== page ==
Your child gets into college — maybe even their top choice — and you are thrilled. There's just one problem: you don't have enough saved up. You want to help pay for their education but can't afford to. What options do you have?

Of course you can encourage your child to apply for scholarships and grants to help offset the cost of school. But what can you do if you still can't afford college?

Federal vs. Private

There are two types of student loans available: federal student loans administered by the US Department of Education and private student loans offered by financial institutions such as banks and credit unions. Your child should fill out the Free Application for Federal Student Aid (FAFSA®) to apply for financial aid, including federal student loans. Federal student loans come with flexible repayment plans but there are limits to how much you can borrow.

Private student loans can help cover any additional costs not covered by savings, grants, scholarships and federal student loans. Typically, there are fewer repayment options than federal student loans; however, private student loans can cover the cost of attendance minus financial aid received. On the plus side, many private loans tend to have no origination fees, whereas federal student loans do. Learn more about Discover undergraduate student loans.

Who Should Take Out Student Loans?

Taking out a federal student loan is a way many young people can pay for college without needing a credit check. For most federal and private student loans, the student is the primary borrower.

You may need to cosign for your child to help them qualify for a private student loan, since those are based on credit. Cosigning may also help them get a lower interest rate. Being a cosigner means you are legally responsible for the loan if the borrower doesn't make payments.

There are some instances where a parent can borrow money for their child's education. For example, parents can apply for a Direct Parent PLUS loan, which allows them to take out a loan in their name to pay for their child's college. To apply, the student must submit the FAFSA and then the parent completes the application for a Parent PLUS loan according to the school's preferred process. Parent PLUS loan borrowers with an adverse credit history may need an endorser.

It's important to note that parents who choose Parent PLUS loans are required to start paying back the loan once it is fully disbursed; however, parents can request a deferment. This differs from other federal student loans where the repayment period typically begins six months after graduation.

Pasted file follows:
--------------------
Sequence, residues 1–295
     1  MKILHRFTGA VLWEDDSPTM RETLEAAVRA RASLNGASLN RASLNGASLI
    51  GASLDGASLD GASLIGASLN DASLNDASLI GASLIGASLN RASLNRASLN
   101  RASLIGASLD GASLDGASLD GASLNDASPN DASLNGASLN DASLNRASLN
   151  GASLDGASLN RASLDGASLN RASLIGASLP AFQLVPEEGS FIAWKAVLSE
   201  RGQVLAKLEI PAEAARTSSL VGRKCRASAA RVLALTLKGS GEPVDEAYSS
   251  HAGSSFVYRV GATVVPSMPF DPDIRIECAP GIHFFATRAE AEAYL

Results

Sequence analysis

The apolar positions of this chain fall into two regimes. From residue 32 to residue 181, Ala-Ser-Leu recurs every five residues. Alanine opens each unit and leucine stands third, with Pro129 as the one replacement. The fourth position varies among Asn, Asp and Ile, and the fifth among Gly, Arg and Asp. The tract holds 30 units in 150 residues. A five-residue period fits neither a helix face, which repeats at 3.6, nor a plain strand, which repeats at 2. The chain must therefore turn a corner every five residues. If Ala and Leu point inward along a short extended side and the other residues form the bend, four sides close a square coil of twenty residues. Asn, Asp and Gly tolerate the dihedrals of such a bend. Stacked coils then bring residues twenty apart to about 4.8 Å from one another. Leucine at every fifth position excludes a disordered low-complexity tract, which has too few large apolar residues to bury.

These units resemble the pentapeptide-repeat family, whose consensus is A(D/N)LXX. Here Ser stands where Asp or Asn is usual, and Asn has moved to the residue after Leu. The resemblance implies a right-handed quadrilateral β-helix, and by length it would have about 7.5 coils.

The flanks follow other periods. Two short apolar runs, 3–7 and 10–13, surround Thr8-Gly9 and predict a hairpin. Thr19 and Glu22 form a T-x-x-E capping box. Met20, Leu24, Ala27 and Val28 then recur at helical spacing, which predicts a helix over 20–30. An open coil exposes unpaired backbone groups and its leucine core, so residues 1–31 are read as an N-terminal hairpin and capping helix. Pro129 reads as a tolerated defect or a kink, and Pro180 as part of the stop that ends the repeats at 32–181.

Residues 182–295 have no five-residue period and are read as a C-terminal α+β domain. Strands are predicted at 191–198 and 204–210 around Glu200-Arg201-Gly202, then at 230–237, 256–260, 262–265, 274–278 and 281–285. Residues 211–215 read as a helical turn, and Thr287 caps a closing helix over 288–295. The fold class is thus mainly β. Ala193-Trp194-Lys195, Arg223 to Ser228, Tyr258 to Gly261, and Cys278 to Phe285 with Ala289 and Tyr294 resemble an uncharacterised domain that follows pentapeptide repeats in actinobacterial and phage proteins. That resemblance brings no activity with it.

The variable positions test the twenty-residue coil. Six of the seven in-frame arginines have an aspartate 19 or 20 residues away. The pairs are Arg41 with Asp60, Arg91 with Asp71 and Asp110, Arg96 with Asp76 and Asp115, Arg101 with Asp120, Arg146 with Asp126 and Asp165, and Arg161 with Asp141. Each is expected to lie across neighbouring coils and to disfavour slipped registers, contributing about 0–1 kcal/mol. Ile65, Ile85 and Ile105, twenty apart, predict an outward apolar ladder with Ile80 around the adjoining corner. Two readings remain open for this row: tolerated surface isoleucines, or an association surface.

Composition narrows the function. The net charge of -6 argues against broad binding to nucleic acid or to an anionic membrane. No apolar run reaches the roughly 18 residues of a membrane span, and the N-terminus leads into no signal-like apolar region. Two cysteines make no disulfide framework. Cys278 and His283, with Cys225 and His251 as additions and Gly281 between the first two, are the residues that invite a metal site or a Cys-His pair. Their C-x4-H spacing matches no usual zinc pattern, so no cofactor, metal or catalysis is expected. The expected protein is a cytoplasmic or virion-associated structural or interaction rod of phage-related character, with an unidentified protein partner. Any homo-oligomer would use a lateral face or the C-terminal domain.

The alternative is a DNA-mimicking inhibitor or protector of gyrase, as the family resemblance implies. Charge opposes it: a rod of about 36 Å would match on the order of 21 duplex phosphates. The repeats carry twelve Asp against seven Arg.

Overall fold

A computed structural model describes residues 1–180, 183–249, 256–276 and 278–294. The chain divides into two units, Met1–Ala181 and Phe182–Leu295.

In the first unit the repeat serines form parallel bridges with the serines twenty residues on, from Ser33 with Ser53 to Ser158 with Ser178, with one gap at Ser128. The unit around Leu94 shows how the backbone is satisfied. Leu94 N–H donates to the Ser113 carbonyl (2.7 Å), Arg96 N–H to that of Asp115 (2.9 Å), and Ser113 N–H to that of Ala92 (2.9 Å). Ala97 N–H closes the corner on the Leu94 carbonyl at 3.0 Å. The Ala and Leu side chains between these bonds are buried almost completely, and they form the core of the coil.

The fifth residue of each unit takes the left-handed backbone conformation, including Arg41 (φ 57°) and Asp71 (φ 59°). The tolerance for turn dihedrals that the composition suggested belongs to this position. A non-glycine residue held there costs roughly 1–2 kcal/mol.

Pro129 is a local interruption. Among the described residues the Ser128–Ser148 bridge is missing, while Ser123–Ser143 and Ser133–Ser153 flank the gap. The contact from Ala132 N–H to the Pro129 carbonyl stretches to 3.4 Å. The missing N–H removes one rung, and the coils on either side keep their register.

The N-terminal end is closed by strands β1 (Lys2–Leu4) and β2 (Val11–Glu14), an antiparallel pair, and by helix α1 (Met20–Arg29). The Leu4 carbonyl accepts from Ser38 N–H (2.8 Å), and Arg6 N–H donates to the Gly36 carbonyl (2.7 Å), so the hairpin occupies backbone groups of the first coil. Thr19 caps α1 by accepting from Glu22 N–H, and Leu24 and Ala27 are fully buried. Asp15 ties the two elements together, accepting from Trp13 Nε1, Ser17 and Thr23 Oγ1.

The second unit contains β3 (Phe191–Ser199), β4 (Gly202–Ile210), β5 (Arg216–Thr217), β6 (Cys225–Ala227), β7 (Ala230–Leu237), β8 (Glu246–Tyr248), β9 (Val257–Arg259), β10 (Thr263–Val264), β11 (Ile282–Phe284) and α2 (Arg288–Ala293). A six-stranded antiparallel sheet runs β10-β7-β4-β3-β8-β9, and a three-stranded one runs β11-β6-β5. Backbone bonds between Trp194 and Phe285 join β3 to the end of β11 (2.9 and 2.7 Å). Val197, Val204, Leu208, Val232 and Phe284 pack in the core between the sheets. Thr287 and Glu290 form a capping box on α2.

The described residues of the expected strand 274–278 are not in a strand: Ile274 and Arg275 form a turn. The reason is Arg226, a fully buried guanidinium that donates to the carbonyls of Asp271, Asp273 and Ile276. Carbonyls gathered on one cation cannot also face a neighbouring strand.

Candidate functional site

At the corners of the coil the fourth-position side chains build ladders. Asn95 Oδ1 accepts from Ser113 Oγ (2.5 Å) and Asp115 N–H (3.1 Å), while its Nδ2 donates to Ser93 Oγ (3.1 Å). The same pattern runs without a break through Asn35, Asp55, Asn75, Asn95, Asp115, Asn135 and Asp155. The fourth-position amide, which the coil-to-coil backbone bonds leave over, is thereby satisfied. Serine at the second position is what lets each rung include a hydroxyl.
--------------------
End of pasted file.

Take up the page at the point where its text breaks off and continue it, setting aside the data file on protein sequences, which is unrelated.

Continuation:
While taking out a Parent PLUS loan can seem like a great way to help your child pay for college, the loan is in your name and cannot be transferred to your child unless you refinance through a private lender. You will be responsible for the payment throughout the life of the loan and your child is not legally responsible for any payments. Parent PLUS loans also have higher interest rates and fees than other types of federal student loans. As a parent, it's possible to help your child with student loan repayment and assist them in other ways financially without taking on student loans for them solely in your name.

Regardless of which option you choose, it's important to know who is responsible for repaying the loan, as well as understand the interest rates, fees and repayment plans. Before deciding, compare student loan options to find the best fit for you.

Talking with Your Child

If you've exhausted all of your resources after your child has applied for grants and scholarships and you still don't have enough for tuition, student loans might be the right option.

In most cases, a student loan will be in the child's name, so it's important to talk about this responsibility with them. Look at the cost of tuition and the types of student loans available. Go over potential monthly payments and discuss how interest might impact the total cost of the loan. Decide together what might be the best financially for your family.

FAFSA® is a registered trademark of the US Department of Education and is not affiliated with Discover Student Loans.

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